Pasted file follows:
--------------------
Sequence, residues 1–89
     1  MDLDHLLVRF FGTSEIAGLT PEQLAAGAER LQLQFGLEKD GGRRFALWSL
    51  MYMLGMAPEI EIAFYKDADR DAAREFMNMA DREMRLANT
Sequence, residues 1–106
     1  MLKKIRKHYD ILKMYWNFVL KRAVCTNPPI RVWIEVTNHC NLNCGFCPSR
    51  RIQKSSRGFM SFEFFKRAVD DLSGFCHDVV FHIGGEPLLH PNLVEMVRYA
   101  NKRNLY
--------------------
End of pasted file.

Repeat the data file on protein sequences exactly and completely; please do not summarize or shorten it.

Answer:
Sequence, residues 1–89
     1  MDLDHLLVRF FGTSEIAGLT PEQLAAGAER LQLQFGLEKD GGRRFALWSL
    51  MYMLGMAPEI EIAFYKDADR DAAREFMNMA DREMRLANT
Sequence, residues 1–106
     1  MLKKIRKHYD ILKMYWNFVL KRAVCTNPPI RVWIEVTNHC NLNCGFCPSR
    51  RIQKSSRGFM SFEFFKRAVD DLSGFCHDVV FHIGGEPLLH PNLVEMVRYA
   101  NKRNLY